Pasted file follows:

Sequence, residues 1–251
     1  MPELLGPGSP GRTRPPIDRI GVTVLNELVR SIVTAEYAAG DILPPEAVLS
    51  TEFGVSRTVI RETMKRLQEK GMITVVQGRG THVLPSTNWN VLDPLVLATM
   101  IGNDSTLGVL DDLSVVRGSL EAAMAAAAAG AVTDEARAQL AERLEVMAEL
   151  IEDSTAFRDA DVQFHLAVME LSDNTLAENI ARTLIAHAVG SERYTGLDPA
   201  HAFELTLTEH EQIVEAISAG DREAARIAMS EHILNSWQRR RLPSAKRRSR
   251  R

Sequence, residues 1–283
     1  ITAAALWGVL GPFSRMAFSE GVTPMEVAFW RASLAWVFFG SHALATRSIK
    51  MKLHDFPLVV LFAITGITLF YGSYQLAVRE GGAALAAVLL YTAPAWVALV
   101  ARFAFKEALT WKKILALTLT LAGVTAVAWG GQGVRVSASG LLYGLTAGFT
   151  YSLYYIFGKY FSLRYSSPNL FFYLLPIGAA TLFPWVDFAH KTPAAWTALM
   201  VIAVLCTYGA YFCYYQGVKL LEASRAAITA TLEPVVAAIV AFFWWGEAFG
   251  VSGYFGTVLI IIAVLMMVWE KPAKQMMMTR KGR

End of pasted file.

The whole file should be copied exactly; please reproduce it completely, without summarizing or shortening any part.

Sequence, residues 1–251
     1  MPELLGPGSP GRTRPPIDRI GVTVLNELVR SIVTAEYAAG DILPPEAVLS
    51  TEFGVSRTVI RETMKRLQEK GMITVVQGRG THVLPSTNWN VLDPLVLATM
   101  IGNDSTLGVL DDLSVVRGSL EAAMAAAAAG AVTDEARAQL AERLEVMAEL
   151  IEDSTAFRDA DVQFHLAVME LSDNTLAENI ARTLIAHAVG SERYTGLDPA
   201  HAFELTLTEH EQIVEAISAG DREAARIAMS EHILNSWQRR RLPSAKRRSR
   251  R

Sequence, residues 1–283
     1  ITAAALWGVL GPFSRMAFSE GVTPMEVAFW RASLAWVFFG SHALATRSIK
    51  MKLHDFPLVV LFAITGITLF YGSYQLAVRE GGAALAAVLL YTAPAWVALV
   101  ARFAFKEALT WKKILALTLT LAGVTAVAWG GQGVRVSASG LLYGLTAGFT
   151  YSLYYIFGKY FSLRYSSPNL FFYLLPIGAA TLFPWVDFAH KTPAAWTALM
   201  VIAVLCTYGA YFCYYQGVKL LEASRAAITA TLEPVVAAIV AFFWWGEAFG
   251  VSGYFGTVLI IIAVLMMVWE KPAKQMMMTR KGR